Legal immunity for police misconduct, under attack from left and right, may get Supreme Court review
WASHINGTON – The brutal death of George Floyd at the hands of Minneapolis police has re-energized a national debate over misconduct by law enforcement officials that the Supreme Court may be poised to enter.
The justices could announce as early as Monday that they will consider if law enforcement and other officials continue to deserve "qualified immunity" that protects them from being sued for official actions.
The high court itself established that protection in a series of decisions dating back several decades, letting police off the hook unless their behavior violated "clearly established" laws or constitutional rights. Lower courts have used that standard to uphold almost any actions not specifically forbidden.
But in recent years, justices, lower court judges and scholars on both the left and right have questioned that legal doctrine for creating a nearly impossible standard for victims to meet and a nearly blanket immunity for those accused of misconduct.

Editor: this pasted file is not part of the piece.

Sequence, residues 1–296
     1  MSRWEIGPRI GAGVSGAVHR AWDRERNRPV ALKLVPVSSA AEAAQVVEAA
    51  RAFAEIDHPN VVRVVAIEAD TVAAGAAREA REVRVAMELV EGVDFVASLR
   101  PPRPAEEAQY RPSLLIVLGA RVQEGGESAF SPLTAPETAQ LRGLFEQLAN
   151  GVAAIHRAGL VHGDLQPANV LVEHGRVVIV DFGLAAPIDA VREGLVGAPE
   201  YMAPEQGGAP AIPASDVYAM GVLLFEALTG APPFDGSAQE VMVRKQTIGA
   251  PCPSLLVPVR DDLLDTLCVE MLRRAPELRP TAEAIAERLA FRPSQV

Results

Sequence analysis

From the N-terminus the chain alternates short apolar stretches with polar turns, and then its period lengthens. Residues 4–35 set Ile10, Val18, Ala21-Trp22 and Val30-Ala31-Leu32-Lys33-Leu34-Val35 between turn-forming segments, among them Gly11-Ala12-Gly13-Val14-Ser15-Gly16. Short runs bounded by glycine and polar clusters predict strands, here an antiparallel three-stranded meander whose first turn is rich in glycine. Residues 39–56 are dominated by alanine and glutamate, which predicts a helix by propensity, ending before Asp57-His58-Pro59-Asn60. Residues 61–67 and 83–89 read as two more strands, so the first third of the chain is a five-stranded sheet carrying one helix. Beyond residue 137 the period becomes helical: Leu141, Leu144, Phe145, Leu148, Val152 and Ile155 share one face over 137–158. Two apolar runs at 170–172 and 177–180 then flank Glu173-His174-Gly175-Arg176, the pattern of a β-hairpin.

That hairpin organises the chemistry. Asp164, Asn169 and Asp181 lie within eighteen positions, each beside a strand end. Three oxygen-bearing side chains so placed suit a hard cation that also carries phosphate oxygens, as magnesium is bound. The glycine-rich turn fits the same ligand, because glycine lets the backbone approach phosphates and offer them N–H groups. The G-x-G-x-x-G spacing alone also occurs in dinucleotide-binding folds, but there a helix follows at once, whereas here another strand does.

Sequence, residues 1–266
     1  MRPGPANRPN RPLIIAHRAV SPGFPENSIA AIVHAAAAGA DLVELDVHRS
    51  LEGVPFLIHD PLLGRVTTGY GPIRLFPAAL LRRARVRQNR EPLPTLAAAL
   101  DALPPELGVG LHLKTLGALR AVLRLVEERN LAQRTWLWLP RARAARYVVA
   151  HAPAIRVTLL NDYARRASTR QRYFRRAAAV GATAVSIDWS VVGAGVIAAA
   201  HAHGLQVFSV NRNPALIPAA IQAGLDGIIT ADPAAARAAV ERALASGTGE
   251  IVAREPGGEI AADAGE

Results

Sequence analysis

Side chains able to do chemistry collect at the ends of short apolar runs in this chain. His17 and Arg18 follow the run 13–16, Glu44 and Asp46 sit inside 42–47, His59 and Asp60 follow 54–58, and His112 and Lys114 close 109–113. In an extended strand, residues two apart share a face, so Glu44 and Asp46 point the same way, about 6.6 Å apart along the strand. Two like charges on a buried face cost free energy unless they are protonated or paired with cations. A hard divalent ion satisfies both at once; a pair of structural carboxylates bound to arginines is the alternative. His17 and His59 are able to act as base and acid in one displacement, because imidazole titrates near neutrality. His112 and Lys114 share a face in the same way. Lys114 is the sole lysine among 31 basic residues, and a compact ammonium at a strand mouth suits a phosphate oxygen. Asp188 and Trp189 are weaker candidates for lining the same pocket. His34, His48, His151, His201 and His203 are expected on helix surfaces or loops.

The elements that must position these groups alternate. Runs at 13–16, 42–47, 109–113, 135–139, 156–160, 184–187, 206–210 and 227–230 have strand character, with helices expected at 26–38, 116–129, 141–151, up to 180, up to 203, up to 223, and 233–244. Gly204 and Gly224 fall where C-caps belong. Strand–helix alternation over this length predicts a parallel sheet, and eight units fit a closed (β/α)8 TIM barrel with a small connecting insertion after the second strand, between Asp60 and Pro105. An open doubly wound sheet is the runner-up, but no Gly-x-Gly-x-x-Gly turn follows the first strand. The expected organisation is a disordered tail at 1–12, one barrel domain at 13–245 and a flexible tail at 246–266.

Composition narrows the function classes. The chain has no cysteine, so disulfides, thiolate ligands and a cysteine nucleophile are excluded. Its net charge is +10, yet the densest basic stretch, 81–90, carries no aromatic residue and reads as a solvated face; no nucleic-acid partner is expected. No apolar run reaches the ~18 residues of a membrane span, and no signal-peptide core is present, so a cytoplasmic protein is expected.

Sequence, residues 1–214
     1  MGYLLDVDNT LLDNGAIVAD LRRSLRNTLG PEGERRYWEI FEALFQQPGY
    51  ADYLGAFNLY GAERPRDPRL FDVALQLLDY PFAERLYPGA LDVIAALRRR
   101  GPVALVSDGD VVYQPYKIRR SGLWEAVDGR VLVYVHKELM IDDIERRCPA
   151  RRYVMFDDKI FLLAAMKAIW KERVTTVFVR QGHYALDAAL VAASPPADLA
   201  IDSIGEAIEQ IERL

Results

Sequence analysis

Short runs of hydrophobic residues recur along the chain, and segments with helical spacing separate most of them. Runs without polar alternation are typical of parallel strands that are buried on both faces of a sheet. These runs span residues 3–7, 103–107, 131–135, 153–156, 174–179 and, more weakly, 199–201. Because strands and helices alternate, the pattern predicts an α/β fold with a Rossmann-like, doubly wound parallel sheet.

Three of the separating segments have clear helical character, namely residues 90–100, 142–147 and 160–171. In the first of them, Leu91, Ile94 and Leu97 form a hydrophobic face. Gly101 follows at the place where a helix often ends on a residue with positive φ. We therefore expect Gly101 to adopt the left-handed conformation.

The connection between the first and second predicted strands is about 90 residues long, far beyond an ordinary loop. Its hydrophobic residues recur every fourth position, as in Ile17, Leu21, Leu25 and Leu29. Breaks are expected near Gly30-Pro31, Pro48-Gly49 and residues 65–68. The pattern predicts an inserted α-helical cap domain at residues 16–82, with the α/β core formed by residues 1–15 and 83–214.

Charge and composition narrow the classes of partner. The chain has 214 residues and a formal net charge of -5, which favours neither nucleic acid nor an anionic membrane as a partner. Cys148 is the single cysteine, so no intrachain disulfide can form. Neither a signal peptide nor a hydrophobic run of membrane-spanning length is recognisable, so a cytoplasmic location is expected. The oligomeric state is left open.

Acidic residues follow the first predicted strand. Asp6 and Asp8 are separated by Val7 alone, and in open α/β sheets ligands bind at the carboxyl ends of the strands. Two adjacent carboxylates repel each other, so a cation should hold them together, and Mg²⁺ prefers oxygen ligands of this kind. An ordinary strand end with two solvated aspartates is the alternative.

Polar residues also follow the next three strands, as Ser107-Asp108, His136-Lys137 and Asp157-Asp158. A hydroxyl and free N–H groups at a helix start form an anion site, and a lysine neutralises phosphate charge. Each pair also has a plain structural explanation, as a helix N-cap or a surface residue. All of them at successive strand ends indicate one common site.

The justices have been reviewing more than a dozen cases involving public officials' invocation of qualified immunity with an eye toward choosing one or more to hear next term. If they move ahead, it would indicate that at least several justices want to cut back on such immunity.
The timing of their review process on the heels of Floyd's death in Minneapolis is purely coincidental. But the 46-year-old African American man's treatment puts the issue in the spotlight.
"It's a vivid and tragic example of our culture of near-zero accountability for police officers," says Jay Schweikert, a criminal justice analyst at ...
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